Woman using iPhone 4

MEMS devices build high for new applications

The iPhone 4 sees the first three-axis gyroscope in a consumer application as manufacturers pile MEMS high.

Just ahead of Apple's launch of the iPhone 4, Carmelo Papa, general manager of STMicroelectronics' industrial and multi-segment sector, was bullish about a new market for the company. He declared that this year would be the dawn of the 'era of the gyroscope'.

A few days later, Apple CEO Steve Jobs was demonstrating what the combination of an accelerometer and three-axis gyroscope could do in a mobile handset. ST made its own video for the company's Field Trip, a series of presentations to financial analysts, to show how the gyro and accelerometer combination could be used to navigate through the streets of Venice, using dead reckoning where the signals from GPS satellites cannot be easily seen.

As ST is the only vendor claiming to make an integrated three-axis gyroscope, this is the one that is suspected to be inside the iPhone 4. Teardown experts such as Chipworks and TechInsights believe die markings confirm ST as the manufacturer.

Benedetto Vigna, head of ST's MEMS division, claims that the consumer market for gyros will be three times bigger than that for similar sensors in automotive - where they are more widely used today for stabilisation control - by 2014.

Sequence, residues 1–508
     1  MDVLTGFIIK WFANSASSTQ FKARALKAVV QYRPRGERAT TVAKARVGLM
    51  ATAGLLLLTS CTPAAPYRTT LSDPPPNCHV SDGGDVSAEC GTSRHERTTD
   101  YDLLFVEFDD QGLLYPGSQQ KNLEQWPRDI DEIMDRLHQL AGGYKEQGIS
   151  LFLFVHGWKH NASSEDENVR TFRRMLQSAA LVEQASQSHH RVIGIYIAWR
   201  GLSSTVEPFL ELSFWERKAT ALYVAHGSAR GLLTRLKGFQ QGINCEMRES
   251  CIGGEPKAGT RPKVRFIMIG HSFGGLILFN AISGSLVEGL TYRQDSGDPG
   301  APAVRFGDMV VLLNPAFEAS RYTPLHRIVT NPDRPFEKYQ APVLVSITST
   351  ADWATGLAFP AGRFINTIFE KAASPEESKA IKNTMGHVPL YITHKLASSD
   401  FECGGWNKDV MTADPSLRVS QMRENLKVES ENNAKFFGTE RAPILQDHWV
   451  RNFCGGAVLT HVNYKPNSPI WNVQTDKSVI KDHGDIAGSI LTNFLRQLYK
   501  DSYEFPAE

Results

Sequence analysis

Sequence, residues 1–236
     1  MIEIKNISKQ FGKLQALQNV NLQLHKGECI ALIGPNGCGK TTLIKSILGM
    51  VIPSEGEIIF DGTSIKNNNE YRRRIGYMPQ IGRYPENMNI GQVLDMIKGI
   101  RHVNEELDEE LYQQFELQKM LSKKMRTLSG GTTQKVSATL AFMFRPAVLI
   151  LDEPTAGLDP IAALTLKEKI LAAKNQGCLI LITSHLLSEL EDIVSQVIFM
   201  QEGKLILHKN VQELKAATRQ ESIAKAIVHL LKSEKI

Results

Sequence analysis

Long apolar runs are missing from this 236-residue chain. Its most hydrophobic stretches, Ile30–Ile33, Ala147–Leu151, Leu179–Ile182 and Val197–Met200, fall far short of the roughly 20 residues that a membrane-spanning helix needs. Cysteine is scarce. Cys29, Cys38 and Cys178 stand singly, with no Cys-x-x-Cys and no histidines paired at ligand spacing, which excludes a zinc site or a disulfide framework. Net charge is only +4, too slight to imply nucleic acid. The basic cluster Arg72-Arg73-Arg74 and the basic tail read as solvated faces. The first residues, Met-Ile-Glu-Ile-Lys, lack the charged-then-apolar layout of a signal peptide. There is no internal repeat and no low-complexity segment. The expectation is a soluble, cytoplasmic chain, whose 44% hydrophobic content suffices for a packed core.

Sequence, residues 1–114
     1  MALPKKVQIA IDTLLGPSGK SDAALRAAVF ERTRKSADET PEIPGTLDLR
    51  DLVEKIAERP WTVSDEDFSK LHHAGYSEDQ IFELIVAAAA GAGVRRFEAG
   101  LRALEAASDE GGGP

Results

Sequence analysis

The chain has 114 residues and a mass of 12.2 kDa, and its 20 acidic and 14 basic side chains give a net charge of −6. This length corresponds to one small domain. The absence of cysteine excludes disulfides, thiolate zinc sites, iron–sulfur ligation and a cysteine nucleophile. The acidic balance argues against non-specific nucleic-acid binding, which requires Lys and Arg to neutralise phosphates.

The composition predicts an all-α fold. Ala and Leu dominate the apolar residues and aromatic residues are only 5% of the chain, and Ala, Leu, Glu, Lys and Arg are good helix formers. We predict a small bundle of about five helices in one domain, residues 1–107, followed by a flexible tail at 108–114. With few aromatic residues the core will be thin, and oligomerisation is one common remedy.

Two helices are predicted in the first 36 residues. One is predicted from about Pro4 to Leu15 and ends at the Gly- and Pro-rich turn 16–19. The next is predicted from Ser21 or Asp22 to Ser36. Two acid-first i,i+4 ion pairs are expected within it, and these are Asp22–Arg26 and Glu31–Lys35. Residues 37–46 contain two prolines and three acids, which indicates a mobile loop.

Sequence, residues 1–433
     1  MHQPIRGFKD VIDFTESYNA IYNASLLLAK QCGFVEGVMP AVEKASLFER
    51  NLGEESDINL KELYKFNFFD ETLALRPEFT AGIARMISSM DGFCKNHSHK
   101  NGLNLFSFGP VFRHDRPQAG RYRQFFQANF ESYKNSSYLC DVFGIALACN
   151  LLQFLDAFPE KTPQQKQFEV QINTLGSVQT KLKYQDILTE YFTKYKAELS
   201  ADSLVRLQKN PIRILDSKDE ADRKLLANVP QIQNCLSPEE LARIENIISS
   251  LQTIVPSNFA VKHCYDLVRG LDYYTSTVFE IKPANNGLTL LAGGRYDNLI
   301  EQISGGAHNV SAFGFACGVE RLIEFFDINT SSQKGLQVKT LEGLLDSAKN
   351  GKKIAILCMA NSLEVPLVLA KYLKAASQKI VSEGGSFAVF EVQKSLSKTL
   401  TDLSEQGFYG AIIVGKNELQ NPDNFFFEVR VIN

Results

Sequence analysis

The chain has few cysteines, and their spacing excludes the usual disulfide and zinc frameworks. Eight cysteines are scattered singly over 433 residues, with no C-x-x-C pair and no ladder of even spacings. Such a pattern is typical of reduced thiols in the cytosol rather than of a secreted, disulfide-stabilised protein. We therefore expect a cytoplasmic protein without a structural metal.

Although the initial demonstrations revolve around games, Vigna says dead-reckoning calculations make it possible to pinpoint a user's location inside buildings such as shops and museums, narrowing location-based information to a rack of clothes or a museum exhibit.

While it does not need all three axes, optical image stabilisation is another use for cameras and phones. Papa says applications for the MEMS gyro can go further, including vibration control in washing machines. 'The potential market is huge,' he says.

According to Vigna, the decision to make a three-axis gyro was taken quite late in the day in an indication of how integration and fast turnaround are becoming crucial in getting MEMS into high-volume consumer designs. 'By the end of last year, we understood that the market was willing to move faster,' he says, explaining that the company had been working on a two-axis design.

'On 21 October, we put the first transistors on the layout. And you are now holding the product,' he says as he hands out tiny 4mmx4mm packages. 'Because of the nimbleness of the team we now have a three-axis gyroscope.'

ST's aim is to integrate the gyro and accelerometer and other sensors with analogue processing using a stack of chips. The MEMS can potentially all go on the same die, with the analogue and ultimately microcontroller going underneath in a multichip package.

Consumer gyroscopes

In contrast to ST, Freescale is in no hurry to develop consumer-level gyroscopes. ST's Papa claims his company will see $100m in revenue from its gyroscope MEMS products by the end of this year, with practically zero in sales at the start of this year. Stephane Gervais-Ducouret, director of global marketing for sensors in the consumer market segment of Freescale, concedes a few million will sell this year but is not expecting such as quick take-off. Freescale is looking to 2012 as the time 'there will be a booming in terms of the market for gyroscopes,' he adds.

'We have been focusing so far on gyroscopes for automotive,' says Gervais-Ducouret, adding that power consumption is an issue for this kind of sensor.